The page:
Q&A: Why Quaker Steak & Lube is Betting Big on Emerging Food Trends
Quaker Steak & Lube may be a legacy brand best know for its automotive décor and its chicken wings, but that isn’t stopping this national franchise from changing with the times. With a menu overhaul launched earlier this year as part of its aggressive efforts to attract new franchisees to grow the brand, this chain continues driving forward and drawing in old and new guests alike.
Corporate Chef Lance Matthews joined the brand in 2016 when it was purchased by TravelCenters of America, a Fortune 500 company. Using more than 25 years of restaurant industry experience, he has led the chain’s menu redesign. With focuses on providing a variety of current trends, easy execution, and profitability, the new menu is positioning Quaker Steak & Lube to appeal to new demographics while driving strong profit margins for franchisees.
Here, Matthews explains how.
1. Why was it time for the Quaker Steak & Lube menu to get an update?
Last year, when TravelCenters of America took over as they were purchasing Quaker Steak and Lube, I came on board, and the first thing we decided to do was to do a deep dive into the menu to make sure we were ‘hitting on all cylinders.’ We did a review of the product mix and took feedback from both guests and franchisees into account. There were some slow moving items, so with this valuable feedback, we decided to revamp the menu. We still have our core item, which is chicken wings.
2. What were the goals for the menu change?
One goal was to offer bold new flavors that would appeal to a broader new audience, not just the core “lubies.” We wanted to be able to appeal to multiple generations. Secondly, we wanted to upgrade the quality of the food while maintaining a cost friendly margin and still having a diversified product mix. We want to steer guests away from the heavy dependency on bone-in chicken wings and move our guests to other menu items. Lastly, we want to make sure the house-made foods that we’re offering are able to be consistently executed for our at every franchise location.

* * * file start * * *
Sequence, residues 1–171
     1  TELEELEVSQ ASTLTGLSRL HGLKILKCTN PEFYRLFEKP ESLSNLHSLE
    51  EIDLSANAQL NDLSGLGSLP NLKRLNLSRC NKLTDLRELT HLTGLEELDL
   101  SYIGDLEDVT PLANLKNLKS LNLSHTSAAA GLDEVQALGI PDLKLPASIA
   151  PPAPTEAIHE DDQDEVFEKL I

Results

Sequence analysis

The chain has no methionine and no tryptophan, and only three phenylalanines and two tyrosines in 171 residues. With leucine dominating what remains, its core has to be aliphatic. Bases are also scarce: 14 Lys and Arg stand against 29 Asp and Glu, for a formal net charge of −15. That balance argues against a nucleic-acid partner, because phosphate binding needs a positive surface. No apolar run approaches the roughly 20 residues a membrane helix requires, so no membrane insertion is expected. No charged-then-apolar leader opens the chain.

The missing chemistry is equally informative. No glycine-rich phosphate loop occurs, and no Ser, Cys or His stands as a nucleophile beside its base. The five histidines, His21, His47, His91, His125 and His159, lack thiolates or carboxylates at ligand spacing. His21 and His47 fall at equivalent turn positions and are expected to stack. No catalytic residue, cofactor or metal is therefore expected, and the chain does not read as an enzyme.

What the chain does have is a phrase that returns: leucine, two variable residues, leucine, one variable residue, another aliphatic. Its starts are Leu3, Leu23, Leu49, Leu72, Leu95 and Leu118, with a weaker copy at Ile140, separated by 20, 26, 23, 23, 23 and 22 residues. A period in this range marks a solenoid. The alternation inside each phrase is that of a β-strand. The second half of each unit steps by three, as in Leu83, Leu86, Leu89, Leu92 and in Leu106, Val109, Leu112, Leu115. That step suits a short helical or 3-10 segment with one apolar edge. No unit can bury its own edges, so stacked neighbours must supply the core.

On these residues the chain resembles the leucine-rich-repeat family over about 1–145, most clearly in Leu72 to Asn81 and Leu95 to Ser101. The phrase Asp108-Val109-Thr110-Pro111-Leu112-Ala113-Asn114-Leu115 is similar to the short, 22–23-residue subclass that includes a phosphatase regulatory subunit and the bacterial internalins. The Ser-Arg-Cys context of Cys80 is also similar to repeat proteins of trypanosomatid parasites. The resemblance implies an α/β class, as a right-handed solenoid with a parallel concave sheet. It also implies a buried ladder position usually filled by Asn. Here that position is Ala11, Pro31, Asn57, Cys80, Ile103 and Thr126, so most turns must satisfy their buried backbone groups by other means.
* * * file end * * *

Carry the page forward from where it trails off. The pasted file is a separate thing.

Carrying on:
3. What were the most exciting changes?
We recognize that our brand is rooted in the sauces for the chicken wings. We continue to rely on those sauces as a key to the brand’s identity. By taking a bold step and using international spices and trending flavors, however, we are able to stay relevant in the industry while meeting our guests’ desire for more item creativity. We’re able to take those new flavors and trends and roll them into different dishes besides just sauces, like salads and entrées. I’m working on a concept for the fall for burgers using compound butters and using spices from around the world from Ethiopia and Egypt and Japanese togarashi and Indian masala.
While we’ve left many core items on our menu, we’ve enhanced a few as well. We’ve taken off pretzels and added Bavarian pretzels with house-made beer cheese. Our house-made items have resonated with our audience based on the sales increases we’ve seen.
4. Why should existing and potential franchisees be excited about these changes?
We are a culinary-, execution-, and margin-friendly restaurant concept. We’re out to reclaim a leadership role in flavors and are offering more relevant options across the preexisting menus. We’re a little niche-style franchise out there with the family-oriented, car-enthusiast, garage-themed franchise, which seems to resonate, and with the trendy foods now on our menu, we can reach out to multiple generations.